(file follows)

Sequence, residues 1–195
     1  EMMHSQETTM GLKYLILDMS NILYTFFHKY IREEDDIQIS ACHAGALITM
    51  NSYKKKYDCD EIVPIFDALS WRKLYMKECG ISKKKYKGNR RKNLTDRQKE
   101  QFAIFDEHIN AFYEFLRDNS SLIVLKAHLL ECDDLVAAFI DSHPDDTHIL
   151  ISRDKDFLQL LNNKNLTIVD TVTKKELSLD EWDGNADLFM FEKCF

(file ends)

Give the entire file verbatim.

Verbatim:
Sequence, residues 1–195
     1  EMMHSQETTM GLKYLILDMS NILYTFFHKY IREEDDIQIS ACHAGALITM
    51  NSYKKKYDCD EIVPIFDALS WRKLYMKECG ISKKKYKGNR RKNLTDRQKE
   101  QFAIFDEHIN AFYEFLRDNS SLIVLKAHLL ECDDLVAAFI DSHPDDTHIL
   151  ISRDKDFLQL LNNKNLTIVD TVTKKELSLD EWDGNADLFM FEKCF